The meteoric rise and fall of Blackberry maker Research In Motion (RIMM) entered a new era today after the company announced that Thorsten Heins would take the reigns as the company's new CEO, replacing former co-CEOs Jim Basillie and Mike Lazaridis. Investors had been calling for a change in management for quite some time as RIMM's inability to compete with the growing number of competitors in the smartphone and handheld devices market turned what was once the biggest darlings of the sector into an also-ran against the likes of Apple (AAPL), Samsung (SSNLF), and others powered by Google's (GOOG) Android operating system. The company also failed to generate much interest with its PlayBook, which has also been left behind by competitors like the iPad and Amazon's (AMZN) Kindle.
Yet, the announcement did not spark renewed confidence from Wall Street. In fact, the reaction was quite the opposite as shares of Research in Motion fell as much as 9 percent today after Heins, the company's former COO, was named. The criticism seems to be that while changes in management is a step in the right direction, promoting from within could suggest that the company's future is still stuck on the same path. It's the same path that took RIMM investors down from an all-time high share price of $144 in 2008, to as low as $12 just last month.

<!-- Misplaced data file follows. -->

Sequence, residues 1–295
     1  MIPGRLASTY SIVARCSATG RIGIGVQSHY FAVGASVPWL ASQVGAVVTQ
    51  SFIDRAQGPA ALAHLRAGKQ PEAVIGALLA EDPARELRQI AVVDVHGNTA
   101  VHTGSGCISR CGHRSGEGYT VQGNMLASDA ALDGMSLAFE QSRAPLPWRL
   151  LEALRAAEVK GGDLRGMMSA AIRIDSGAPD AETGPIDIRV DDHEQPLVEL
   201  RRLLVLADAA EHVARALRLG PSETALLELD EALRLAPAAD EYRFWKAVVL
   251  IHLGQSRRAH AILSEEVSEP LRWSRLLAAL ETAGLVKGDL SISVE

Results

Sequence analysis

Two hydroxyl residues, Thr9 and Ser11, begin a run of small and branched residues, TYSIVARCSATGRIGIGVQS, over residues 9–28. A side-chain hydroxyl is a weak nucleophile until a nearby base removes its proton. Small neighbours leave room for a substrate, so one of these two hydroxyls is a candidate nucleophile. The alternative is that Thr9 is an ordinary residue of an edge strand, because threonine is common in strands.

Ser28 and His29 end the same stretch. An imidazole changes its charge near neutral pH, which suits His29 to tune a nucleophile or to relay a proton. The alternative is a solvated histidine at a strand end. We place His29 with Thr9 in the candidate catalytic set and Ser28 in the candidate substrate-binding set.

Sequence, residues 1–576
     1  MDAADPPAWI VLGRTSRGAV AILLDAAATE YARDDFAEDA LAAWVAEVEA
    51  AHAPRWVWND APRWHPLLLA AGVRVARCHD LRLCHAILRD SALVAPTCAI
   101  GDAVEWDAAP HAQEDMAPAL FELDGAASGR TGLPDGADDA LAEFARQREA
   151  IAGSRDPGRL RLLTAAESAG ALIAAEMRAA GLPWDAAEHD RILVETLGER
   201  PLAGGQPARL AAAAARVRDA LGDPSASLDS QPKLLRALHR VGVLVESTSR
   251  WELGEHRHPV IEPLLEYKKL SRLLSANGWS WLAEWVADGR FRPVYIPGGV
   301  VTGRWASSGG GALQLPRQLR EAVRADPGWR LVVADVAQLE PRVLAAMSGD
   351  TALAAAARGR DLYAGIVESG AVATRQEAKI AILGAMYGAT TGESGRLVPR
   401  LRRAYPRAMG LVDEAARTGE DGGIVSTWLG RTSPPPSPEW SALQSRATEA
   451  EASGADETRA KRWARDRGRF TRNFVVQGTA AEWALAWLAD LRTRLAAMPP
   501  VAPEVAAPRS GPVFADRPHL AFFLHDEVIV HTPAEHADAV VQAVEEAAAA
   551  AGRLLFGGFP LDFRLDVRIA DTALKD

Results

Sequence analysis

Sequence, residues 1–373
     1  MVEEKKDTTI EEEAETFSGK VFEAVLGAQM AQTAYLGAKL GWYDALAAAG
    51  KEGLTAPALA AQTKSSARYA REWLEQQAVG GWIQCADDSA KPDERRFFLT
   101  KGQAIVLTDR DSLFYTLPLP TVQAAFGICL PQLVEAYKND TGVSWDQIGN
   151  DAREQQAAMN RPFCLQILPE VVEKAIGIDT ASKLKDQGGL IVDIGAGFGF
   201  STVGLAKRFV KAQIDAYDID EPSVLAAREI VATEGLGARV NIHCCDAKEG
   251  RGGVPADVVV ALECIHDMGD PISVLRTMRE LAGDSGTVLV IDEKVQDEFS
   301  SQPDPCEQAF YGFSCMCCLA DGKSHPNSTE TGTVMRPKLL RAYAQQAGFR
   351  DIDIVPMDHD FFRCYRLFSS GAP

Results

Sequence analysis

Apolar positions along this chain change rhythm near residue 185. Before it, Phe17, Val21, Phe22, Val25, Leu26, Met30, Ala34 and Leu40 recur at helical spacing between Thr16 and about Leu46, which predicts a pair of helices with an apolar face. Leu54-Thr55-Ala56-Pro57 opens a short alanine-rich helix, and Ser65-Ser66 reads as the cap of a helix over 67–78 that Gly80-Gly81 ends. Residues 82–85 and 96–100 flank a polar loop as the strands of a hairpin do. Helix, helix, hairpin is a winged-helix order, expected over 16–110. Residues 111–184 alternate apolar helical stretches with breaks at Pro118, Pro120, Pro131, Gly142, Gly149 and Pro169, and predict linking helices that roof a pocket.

Running in Place
Heins joined Research in Motion in 2007 after serving as the CTO for Siemen's (SI) Communications Division. While he's been recognized as having exceptional leadership and organizational skills, investors are still wondering whether he has what it takes to help Research in Motion recover from such prolonged stagnation. Heins attributes the company's lack of success on poor process execution and marketing, not on innovation or overall strategy.
“Seems like more window-dressing than a real reorganization,” Ed Snyder of Charter Equity stated in a note to clients. “COO Thorsten Heins took direction from Balsillie and Lazaridis when they were co-CEOs, and as the newly appointed CEO he’ll still be under their review as Board members. No company gives board seats to the management team that got it into the mess to begin with.”
For now, Heins may be focused on staying the course and improving operations, which has been a major flaw at the company in recent years. He also said the company will not split its hardware and network divisions and plans to launch the Blackberry 10 OS and new devices later this year.
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